Have a look at the source code of
shutil.copytree, adapt it and use:
def copytree(src, dst, symlinks=False, ignore=None):
"""Recursively copy a directory tree using copy2().
The destination directory must not already exist.
If exception(s) occur, an Error is raised with a list of reasons.
If the optional symlinks flag is true, symbolic links in the
source tree result in symbolic links in the destination tree; if
it is false, the contents of the files pointed to by symbolic
links are copied.
The optional ignore argument is a callable. If given, it
is called with the `src` parameter, which is the directory
being visited by copytree(), and `names` which is the list of
`src` contents, as returned by os.listdir():
callable(src, names) -> ignored_names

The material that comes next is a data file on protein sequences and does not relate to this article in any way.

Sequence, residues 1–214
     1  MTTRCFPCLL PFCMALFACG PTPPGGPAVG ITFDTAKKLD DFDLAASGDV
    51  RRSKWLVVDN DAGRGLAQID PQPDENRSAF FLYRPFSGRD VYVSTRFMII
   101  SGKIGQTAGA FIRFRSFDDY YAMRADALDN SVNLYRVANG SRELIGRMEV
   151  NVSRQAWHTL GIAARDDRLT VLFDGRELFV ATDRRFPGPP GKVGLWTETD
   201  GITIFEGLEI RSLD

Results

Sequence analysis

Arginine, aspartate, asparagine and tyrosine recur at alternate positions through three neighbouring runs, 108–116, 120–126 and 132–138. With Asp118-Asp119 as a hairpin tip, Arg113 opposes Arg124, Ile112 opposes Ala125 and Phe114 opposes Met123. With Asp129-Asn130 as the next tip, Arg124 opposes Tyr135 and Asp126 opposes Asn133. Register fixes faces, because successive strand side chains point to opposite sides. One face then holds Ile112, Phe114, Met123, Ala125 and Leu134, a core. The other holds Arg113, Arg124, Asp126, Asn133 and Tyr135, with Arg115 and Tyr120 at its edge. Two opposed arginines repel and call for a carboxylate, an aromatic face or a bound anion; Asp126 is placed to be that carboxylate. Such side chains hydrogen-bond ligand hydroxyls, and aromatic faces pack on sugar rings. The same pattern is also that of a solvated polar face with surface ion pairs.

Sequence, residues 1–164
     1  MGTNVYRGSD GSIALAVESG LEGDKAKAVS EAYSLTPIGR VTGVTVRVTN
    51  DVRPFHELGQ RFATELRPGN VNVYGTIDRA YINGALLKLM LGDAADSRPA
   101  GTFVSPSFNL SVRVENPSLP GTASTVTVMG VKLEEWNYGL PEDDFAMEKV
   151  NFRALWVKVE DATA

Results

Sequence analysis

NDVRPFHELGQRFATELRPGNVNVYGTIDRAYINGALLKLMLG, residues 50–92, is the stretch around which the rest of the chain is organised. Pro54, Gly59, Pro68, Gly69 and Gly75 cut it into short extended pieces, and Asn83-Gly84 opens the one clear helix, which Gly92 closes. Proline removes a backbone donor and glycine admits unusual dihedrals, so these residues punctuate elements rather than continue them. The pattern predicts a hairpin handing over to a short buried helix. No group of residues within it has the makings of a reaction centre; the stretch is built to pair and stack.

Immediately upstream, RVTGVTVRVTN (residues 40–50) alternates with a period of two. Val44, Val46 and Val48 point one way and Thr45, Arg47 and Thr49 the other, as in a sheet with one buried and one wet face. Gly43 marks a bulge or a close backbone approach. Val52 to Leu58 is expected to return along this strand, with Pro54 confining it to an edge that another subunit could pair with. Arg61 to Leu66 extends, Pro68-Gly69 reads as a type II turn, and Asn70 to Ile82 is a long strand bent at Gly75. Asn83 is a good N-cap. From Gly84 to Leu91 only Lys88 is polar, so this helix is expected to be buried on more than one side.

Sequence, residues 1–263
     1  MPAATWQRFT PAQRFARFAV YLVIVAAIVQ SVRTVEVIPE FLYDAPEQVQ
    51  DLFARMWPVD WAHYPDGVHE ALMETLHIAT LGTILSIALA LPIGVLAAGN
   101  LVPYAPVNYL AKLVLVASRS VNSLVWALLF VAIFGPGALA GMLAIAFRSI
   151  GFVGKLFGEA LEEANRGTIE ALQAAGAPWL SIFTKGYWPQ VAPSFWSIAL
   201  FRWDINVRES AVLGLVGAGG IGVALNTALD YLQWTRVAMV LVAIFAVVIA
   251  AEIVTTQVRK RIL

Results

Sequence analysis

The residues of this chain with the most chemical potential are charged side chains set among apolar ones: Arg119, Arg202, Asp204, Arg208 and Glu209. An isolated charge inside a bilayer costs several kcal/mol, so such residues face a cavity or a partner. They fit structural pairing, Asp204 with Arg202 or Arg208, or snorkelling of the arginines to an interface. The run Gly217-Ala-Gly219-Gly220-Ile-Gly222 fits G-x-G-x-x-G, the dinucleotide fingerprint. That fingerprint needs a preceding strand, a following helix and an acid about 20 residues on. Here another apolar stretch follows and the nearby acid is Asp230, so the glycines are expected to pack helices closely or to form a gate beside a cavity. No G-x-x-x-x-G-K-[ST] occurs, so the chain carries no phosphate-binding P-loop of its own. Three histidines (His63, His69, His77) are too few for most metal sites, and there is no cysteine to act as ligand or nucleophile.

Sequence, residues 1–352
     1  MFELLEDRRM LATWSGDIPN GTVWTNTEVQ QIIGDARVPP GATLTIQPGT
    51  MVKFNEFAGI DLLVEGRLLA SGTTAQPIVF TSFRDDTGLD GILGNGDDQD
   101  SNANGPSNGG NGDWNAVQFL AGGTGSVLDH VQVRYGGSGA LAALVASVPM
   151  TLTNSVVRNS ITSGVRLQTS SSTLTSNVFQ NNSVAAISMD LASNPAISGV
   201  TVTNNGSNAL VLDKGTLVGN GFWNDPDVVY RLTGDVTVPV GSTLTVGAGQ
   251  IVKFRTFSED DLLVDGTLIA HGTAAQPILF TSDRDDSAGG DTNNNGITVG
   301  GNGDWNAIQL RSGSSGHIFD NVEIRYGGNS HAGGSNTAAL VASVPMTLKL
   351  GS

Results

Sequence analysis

Since copytree() is called recursively, the callable will be
called once for each directory that is copied. It returns a
list of names relative to the `src` directory that should
not be copied.
XXX Consider this example code rather than the ultimate tool.
names = os.listdir(src)
if ignore is not None:
ignored_names = ignore(src, names)
ignored_names = set()
errors = 
for name in names:
if name in ignored_names:
srcname = os.path.join(src, name)
dstname = os.path.join(dst, name)
if symlinks and os.path.islink(srcname):
linkto = os.readlink(srcname)
copytree(srcname, dstname, symlinks, ignore)
# XXX What about devices, sockets etc.?
except (IOError, os.error), why:
errors.append((srcname, dstname, str(why)))
# catch the Error from the recursive copytree so that we can
# continue with other files
except Error, err:
except OSError, why:
if WindowsError is not None and isinstance(why, WindowsError):
# Copying file access times may fail on Windows
errors.extend((src, dst, str(why)))
raise Error, errors